For example, many believe 30-gauge needles cause less injection pain than 27- and 25-gauge needles because they are smaller. This has not been demonstrated to be true. While it is conceivable small-bore needle insertions might be slightly more comfortable than large-bore needle insertions, research indicates there is no difference in pain perception. The perception of pain from needles passing through mucosa may include insertion and penetration, as well as fluid bursting during deposition. This can be further explained by the physics of injection hydraulics.8,9 A fast stream from a small-bore needle — under the same manual pressure as a large-bore needle — results in greater pressure exerted on tissues. This might help explain the lack of perceived differences in pain. Research by Kudo10 found that patients could feel the initial bursting of fluid at needle tips with greater injection pressures (similar to what happens when a nozzle is screwed onto a hose).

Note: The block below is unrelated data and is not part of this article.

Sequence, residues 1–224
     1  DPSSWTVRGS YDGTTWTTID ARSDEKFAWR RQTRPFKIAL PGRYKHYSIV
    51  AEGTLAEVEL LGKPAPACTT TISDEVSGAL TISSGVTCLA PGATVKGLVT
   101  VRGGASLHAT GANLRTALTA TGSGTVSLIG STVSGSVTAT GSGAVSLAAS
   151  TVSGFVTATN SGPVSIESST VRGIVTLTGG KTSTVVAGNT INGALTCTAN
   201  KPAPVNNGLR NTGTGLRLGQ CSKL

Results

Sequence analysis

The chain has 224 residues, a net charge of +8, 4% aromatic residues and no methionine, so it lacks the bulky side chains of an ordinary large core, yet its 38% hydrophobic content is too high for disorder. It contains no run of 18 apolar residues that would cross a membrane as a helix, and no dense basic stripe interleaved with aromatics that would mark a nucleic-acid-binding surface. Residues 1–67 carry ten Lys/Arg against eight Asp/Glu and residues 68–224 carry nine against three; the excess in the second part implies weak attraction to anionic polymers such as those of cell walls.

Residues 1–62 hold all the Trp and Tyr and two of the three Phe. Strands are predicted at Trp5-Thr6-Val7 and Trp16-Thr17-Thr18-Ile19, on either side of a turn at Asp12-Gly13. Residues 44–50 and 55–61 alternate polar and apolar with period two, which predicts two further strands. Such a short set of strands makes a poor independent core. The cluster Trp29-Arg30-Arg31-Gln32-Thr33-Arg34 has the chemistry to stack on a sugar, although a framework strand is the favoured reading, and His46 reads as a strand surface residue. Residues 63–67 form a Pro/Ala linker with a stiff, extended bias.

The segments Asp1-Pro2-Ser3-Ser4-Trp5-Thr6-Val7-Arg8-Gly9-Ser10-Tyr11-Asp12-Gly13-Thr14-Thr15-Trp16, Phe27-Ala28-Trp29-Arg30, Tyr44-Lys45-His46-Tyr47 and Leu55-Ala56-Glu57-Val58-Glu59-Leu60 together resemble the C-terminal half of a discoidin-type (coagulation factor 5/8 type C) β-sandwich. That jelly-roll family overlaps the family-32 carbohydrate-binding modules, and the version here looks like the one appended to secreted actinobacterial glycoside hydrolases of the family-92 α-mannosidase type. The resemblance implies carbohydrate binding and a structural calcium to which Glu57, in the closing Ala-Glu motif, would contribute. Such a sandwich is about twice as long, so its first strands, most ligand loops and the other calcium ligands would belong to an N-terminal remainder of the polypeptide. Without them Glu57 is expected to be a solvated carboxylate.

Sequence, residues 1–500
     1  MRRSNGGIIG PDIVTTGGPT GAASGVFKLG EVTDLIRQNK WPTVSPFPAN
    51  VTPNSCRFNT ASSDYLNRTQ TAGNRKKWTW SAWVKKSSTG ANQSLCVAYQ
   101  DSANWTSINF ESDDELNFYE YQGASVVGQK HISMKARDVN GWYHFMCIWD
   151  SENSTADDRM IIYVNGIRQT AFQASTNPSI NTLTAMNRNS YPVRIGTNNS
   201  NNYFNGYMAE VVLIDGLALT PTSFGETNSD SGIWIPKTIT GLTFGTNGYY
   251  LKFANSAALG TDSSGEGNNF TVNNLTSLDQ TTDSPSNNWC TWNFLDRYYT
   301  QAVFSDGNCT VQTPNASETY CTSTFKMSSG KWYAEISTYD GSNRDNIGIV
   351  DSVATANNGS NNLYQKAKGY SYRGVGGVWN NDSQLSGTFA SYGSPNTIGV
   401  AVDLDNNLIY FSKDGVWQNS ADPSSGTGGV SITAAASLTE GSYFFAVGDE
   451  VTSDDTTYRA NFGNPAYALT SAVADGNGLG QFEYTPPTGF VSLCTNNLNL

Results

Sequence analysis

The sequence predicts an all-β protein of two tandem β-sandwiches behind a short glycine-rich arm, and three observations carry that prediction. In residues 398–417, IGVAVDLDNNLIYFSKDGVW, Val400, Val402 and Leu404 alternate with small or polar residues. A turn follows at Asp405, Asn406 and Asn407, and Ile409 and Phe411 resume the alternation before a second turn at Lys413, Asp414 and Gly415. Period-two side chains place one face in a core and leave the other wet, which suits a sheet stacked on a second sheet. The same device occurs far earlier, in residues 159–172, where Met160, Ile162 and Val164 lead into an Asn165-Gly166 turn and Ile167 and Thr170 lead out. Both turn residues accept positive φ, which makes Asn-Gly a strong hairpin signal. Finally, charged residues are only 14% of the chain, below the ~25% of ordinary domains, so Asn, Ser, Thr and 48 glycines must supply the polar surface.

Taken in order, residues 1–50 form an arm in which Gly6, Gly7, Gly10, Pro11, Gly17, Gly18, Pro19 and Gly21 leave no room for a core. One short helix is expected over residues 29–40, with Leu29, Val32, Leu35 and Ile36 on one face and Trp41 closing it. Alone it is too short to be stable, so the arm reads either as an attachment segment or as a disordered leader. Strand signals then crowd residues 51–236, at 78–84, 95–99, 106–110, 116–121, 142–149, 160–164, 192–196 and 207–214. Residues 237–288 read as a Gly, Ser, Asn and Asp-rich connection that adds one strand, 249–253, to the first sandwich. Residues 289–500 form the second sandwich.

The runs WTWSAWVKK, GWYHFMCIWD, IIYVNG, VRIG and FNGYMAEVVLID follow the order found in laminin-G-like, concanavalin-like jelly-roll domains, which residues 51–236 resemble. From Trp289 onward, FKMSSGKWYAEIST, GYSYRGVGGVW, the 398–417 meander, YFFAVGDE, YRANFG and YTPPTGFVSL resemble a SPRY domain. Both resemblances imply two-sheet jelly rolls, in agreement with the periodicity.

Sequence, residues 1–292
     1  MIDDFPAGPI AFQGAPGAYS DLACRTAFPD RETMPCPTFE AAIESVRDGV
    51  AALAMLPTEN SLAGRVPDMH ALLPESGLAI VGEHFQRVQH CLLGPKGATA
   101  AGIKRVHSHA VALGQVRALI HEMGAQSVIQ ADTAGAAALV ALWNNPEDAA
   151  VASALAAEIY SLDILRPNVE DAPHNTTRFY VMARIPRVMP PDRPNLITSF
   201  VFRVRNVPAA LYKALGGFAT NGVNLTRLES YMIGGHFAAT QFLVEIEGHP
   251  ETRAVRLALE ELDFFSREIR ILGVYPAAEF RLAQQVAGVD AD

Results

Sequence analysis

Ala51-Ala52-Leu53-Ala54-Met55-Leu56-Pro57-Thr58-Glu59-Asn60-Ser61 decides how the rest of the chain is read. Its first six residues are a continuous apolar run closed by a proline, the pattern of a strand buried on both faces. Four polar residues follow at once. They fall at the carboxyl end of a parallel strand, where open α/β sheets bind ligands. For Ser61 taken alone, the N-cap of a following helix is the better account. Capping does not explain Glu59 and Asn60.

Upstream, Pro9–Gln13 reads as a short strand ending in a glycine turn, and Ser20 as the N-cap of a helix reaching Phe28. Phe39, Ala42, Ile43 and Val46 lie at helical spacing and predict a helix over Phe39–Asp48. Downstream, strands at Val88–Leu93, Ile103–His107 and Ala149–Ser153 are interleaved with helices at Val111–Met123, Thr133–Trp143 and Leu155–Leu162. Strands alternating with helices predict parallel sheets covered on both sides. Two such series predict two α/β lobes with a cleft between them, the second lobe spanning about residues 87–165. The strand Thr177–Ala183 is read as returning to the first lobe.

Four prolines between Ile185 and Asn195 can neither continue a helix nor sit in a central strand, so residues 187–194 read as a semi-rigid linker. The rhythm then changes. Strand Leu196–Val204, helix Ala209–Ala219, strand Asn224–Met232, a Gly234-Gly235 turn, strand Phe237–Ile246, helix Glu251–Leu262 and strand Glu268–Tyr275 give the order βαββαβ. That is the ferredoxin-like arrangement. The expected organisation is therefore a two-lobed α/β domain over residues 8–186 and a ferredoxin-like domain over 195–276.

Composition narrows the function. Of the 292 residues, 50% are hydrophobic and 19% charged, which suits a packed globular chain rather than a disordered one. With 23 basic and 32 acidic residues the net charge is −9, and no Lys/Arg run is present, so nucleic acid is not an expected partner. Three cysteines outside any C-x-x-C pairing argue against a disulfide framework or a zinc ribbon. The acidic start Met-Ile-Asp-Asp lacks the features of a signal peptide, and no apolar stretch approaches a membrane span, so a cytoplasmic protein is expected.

Using skills and techniques that are learned and mastered first is a comfortable approach. However, anticipation of an improved patient experience and clinical success by embracing alternative techniques and technologies provides excellent motivation for trying new approaches.11 The following discussion presents selected examples of local anesthesia techniques that are worth exploring.
ANATOMY AND TECHNIQUES3,12,13
Anatomy hasn’t changed significantly since ancient Roman anatomists described human structures in detail. Local anesthesia techniques for anesthetizing the oral cavity, on the other hand, are relatively new. The Halsted technique — which is the basis for the most common approach to providing inferior alveolar anesthesia — is only slightly more than 100 years old.